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Our contemporary romantic beliefs make us long for someone who probably does not exist.
Legend goes – no one is sure whether it is true or not – that once a beautiful dancer suggested to George Bernard Shaw that they should have a child together. “Would it not be wonderful if we could have a child who had your brains and my beauty?”
Shaw’s reply became an urban legend: “Yes, but suppose it had your brains and my beauty!”
This anecdote spring often in my mind when I talk with single friends. Sometimes our conversations, after some rounds of small talk and (my) half-funny jokes, veer toward the topic of romantic pursuits.
The person confesses the desire to find a person to date and marry but (the reason is almost always the same) “there are no good people around”.
Girls complain about the guys. Guys complain about the girls. I usually agree with the girls, but that’s a conversation for another day.
I empathize with single folks’ dilemma. On the one hand, it is a major decision.
You don’t want to marry just to say you’re married. To impress peers. To please parents. To get revenge on an ex. To have sex. To have children. To move ahead in life. Because time is passing by. Not to feel lonely.
It is a crucial decision, you want to marry the right person for the right motives.
On the other hand, however, our society places such a crushing idealism on us. Our contemporary romantic beliefs make us long for someone who probably does not exist (with very few exceptions, like the super woman that somehow agreed to marry me.)
You have to find a girl who is intelligent, light-hearted, hard working, takes care of the home, raises the children, is low maintenance, impresses your friends, volunteers on Saturdays (but then stops when you start dating), bakes the most amazing cookies (but doesn’t eat them), loves you more than anything in the world, makes all the sacrifices for you, and, of course, is super hot.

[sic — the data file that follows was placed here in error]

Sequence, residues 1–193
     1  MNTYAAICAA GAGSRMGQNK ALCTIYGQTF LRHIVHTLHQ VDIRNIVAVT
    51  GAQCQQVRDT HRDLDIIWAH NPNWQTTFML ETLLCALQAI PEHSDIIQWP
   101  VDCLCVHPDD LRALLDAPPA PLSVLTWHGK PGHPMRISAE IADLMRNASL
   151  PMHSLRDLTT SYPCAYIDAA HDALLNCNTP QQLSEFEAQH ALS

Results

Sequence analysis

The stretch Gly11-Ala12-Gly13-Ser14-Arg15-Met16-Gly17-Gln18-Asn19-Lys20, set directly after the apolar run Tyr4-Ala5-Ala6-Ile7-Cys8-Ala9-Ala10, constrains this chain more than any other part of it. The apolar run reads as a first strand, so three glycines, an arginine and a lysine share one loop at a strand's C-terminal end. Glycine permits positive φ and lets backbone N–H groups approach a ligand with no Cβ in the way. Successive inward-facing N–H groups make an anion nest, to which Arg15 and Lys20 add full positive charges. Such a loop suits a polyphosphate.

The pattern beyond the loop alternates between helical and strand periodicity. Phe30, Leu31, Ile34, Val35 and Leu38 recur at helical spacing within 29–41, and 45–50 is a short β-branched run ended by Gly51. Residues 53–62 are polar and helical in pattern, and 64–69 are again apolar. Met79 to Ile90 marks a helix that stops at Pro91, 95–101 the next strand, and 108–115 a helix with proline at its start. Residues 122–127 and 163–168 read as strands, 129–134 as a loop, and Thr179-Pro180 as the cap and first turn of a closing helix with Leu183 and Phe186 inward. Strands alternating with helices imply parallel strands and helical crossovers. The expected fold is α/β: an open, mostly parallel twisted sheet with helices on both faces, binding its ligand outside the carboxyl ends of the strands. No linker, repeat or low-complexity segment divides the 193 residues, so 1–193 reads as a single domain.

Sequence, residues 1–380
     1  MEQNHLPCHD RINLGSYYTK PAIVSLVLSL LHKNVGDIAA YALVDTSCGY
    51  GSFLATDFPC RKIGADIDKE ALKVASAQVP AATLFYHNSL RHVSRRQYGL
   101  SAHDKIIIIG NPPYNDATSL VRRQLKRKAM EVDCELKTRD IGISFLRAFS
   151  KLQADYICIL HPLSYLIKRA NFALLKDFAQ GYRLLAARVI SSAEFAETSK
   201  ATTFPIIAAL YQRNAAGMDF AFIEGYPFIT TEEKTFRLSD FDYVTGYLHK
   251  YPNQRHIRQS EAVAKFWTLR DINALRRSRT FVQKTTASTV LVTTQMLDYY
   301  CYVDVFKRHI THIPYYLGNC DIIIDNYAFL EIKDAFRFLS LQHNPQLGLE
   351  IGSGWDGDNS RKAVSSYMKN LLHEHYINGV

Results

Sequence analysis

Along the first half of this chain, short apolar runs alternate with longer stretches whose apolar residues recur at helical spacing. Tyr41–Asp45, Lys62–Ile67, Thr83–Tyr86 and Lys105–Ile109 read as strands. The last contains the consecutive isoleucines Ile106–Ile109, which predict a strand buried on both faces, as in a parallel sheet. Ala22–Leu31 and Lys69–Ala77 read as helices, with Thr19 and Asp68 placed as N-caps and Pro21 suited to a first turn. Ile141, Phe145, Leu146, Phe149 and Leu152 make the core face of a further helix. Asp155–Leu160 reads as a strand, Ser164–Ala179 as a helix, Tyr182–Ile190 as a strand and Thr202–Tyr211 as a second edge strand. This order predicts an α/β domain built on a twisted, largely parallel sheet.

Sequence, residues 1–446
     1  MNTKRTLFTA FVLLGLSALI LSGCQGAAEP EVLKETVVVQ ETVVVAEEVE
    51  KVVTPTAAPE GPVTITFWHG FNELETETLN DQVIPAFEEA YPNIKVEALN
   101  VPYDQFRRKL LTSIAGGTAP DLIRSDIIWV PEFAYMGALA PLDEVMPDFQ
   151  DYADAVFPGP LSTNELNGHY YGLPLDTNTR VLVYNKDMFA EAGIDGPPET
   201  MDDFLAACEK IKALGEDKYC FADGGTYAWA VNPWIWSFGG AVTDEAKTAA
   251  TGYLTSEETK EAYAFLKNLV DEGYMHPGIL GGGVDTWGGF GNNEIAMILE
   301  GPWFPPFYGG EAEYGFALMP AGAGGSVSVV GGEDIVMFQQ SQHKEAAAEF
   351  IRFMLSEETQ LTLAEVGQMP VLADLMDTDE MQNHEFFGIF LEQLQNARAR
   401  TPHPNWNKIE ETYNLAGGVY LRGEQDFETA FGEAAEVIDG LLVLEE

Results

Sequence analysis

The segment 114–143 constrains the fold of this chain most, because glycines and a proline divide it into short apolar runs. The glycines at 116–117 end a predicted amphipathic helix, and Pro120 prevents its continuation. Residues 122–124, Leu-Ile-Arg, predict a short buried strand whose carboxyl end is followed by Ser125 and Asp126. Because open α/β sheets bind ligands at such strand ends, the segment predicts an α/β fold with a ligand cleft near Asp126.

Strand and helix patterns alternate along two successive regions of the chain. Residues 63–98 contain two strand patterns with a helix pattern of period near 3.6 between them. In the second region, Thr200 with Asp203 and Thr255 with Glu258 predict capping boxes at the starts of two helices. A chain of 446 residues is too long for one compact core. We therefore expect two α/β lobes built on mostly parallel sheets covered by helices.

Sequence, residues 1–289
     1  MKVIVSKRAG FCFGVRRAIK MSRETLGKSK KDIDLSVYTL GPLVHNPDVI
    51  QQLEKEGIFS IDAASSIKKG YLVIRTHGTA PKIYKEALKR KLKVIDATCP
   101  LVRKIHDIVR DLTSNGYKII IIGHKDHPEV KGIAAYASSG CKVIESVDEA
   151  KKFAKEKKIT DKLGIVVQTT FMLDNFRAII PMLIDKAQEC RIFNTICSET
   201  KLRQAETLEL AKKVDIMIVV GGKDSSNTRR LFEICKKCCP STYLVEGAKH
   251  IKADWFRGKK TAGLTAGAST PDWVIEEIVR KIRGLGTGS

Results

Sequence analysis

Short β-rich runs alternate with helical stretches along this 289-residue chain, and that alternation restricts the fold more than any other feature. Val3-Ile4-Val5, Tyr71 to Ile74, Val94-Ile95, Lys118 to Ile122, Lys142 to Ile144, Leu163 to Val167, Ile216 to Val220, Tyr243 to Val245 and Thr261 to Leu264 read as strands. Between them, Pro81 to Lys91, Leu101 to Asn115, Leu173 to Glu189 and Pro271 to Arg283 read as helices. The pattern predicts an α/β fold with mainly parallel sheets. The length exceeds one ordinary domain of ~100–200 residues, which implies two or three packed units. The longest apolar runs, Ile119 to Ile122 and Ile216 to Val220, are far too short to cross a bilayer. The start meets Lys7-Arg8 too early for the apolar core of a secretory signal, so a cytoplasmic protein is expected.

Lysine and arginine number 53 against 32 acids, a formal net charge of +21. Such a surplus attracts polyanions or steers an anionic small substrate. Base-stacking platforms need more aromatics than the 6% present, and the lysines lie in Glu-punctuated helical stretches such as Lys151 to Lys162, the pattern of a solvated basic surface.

She has to read The Economist and be enough in shape for a Fitness magazine cover. She has to have Shaw’s brain and the dancer’s body (and, if you’re Christian like me, almost have Jesus’ heart).
Tim Keller raises this point in The Meaning of Marriage:
Never before in history has there been a society filled with people so idealistic in what they are seeking in a spouse… And that creates an extreme idealism that in turn leads to deep pessimism that you will ever find the right person to marry. This is the reason so many put off marriage and look right past great prospective spouses that simply are ‘not good enough’.
If I may venture to read your mind, your reaction to this thought is something like: “I see your point. I admit that this Wonder Woman does not exist. Uh… I can be flexible with The Economist part”.
Thanks for the flexibility, bro. That’s very thoughtful of you. (I told you that I’m usually on the girls’ side). We negotiate our ideal mate a little, but the logic stays the same, the unrealistic idealism stay the same, the pessimism stays the same.
I don’t have the space here to unpack the sugary presuppositions that lock us in this idealist/pessimistic cage. Not can I give an opinion whether you should marry that specific person. But notice three points please:
- You have to escape that logic, not only because it hurts your pursuit of someone, but especially because that hyper-criticism will hurt the relationship you’ll eventually start.
- You have to turn the table: do you read The Economist? Volunteer? Are willing to make sacrifices for another person? Be the person Wonder Woman/Prince Charming would like to marry. (And, if you cut yourself come slack, do the favor also to the person you hope to love.)
 Timothy Keller with Kathy Keller, The Meaning of Marriage: Facing the Complexities of Commitment with the Wisdom of God (New York: Hodder & Stoughton, 2011), 33-34.